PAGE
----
Freelancers' financial wellbeing: Understanding experiences of savings, pensions and mortgages in 2021

  • Room for more advice and support for self-employed savers, with 71 per cent concerned about saving for later life. 
  • Women (78%) were more likely to be concerned than men (69%) about saving for later life.
  • Concerningly, 14 per cent are not currently saving for later life in any way. Again, women were more likely to not be saving compared to men (20% compared to 12% respectively). 
  • Over one in 10 self-employed people (12%) are planning to purchase a property in the next five years.
  • However, getting a mortgage has become more difficult for the self-employed in 2021, as 38 per cent report that they found the process either somewhat or very difficult – a 57 per cent increase to the figure in 2020.
  • Only one in five (19%) believe that they will be treated fairly by mortgage lenders with half (50%) believing they will not be.
  • Two in five (40%) people who accessed the Self-Employment Income Support Scheme (SEISS) during the pandemic fear they could be penalised in a mortgage application.

The self-employed, who were disproportionately impacted by the pandemic, are now facing greater difficulty accessing key financial products as a result.

CMME 2021 Homeownership infographic 71 per cent concerned.png


With the pandemic forcing over a quarter of self-employed people (27%) to burn through hard won savings to get by, and further strain placed on the cost of living by higher taxes and rising inflation, putting freelance finances back on track will be essential to averting a self-employed savings crisis in future.

But significant barriers remain, with one in five (20%) indicating they are not clear about the pension products available to them – and 14 per cent are not currently saving for later life in any way, for reasons including not being able to afford to save (59%) and having other financial priorities (35%).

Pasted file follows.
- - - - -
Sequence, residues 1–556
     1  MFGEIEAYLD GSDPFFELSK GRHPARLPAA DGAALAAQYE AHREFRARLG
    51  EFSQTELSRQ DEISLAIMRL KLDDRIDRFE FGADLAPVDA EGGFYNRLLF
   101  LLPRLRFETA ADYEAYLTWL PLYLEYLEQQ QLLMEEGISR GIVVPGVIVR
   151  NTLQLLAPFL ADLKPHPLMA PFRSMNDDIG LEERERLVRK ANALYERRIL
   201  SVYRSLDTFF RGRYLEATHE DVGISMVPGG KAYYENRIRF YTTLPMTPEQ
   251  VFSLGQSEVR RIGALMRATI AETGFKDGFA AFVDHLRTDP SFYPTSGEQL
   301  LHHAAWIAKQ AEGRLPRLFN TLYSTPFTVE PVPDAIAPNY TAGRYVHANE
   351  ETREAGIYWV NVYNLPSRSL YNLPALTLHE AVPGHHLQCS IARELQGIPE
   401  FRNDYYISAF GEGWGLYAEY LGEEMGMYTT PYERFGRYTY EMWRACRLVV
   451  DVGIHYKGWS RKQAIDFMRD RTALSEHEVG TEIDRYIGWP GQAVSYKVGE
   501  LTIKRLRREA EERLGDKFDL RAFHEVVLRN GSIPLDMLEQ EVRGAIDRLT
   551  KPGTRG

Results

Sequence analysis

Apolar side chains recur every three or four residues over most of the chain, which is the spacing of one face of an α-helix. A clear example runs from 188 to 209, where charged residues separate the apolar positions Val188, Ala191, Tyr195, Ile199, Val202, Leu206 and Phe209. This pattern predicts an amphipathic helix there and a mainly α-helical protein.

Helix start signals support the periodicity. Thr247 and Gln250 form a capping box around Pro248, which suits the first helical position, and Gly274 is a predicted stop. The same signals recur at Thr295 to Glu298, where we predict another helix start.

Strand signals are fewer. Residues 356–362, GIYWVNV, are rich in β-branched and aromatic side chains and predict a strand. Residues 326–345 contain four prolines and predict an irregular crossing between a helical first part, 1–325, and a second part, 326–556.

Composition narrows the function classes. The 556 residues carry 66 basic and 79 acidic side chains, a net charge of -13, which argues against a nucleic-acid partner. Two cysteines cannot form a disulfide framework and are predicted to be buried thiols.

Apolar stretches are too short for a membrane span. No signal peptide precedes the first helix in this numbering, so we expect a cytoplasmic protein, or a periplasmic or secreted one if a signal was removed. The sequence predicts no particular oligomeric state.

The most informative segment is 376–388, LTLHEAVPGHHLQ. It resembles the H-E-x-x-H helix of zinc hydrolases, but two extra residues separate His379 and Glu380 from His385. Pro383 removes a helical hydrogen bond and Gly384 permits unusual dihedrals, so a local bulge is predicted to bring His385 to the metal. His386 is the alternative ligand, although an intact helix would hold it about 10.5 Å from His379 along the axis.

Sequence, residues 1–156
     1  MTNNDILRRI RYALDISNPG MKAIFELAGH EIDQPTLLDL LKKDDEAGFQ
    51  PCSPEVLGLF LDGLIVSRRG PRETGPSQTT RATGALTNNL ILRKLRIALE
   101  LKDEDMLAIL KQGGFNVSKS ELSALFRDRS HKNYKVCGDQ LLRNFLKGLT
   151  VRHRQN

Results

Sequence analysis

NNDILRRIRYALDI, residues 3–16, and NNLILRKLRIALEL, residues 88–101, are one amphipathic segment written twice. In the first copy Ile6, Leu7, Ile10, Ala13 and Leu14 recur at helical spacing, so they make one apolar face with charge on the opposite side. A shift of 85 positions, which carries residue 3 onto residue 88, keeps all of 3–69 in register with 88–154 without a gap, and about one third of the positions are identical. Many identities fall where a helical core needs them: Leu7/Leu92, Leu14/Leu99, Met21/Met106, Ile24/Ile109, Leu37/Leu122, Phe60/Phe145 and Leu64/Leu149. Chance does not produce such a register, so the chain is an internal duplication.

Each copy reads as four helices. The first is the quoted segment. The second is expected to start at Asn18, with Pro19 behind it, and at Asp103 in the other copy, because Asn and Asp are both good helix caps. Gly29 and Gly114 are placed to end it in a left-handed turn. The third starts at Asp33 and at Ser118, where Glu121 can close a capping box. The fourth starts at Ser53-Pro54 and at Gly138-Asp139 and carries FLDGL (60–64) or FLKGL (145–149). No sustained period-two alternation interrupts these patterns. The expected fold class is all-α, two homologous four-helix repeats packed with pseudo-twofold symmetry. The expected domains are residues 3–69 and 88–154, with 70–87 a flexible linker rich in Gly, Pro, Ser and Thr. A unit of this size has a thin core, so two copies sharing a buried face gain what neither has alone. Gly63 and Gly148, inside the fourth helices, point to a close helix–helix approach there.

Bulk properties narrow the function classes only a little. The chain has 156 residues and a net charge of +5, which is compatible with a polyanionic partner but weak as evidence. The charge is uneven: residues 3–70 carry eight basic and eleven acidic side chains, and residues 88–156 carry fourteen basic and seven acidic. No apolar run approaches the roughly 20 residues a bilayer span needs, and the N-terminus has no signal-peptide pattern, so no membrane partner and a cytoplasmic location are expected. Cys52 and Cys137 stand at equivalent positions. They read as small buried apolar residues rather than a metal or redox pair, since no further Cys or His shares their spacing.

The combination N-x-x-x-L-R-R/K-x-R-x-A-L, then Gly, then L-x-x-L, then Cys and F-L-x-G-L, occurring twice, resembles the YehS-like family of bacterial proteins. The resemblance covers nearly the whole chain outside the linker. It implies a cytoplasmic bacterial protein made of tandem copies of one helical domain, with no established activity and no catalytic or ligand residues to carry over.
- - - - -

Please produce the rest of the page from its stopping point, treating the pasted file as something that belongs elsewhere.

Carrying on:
Without guaranteed income from employment, the self-employed are also facing greater difficulty compared to employees when searching for a mortgage, potentially undermining the plans of the 12 per cent of self-employed people looking to purchase a home in the next five years.

Concerningly, the process of obtaining a mortgage appears to have become more difficult for the self-employed, with 38 per cent of this year’s sample reporting that they found the process either somewhat or very difficult – a 57 per cent increase to the figure from 2020.

Reasons for this difficulty range from a requirement to complete greater volumes of paperwork, to dealing with providers who would not lend to them because of their self-employed status. There are also concerns that those who claimed SEISS payments at the height of the pandemic – a cohort of 2.9 million people – could be penalised in their mortgage applications for doing so.

CMME 2021 Homeownership infographic attitudes house.png


Overall, it is clear that the self-employed face unique difficulties when attempting to access key financial products that employees – who have regular incomes and are automatically enrolled into workplace pensions by their employer – do not.

It is therefore essential that tailored advice and products are developed for the self-employed sector, whilst areas of the tax and employment system that prevent lenders from de-risking the self-employed as customers are addressed – ensuring that the UK’s 4.3 million self-employed are not disadvantaged in their plans for later life and home ownership.

Read the full report here

Meet the author

Headshot original.png
Joshua Toovey

Senior Research and Policy Officer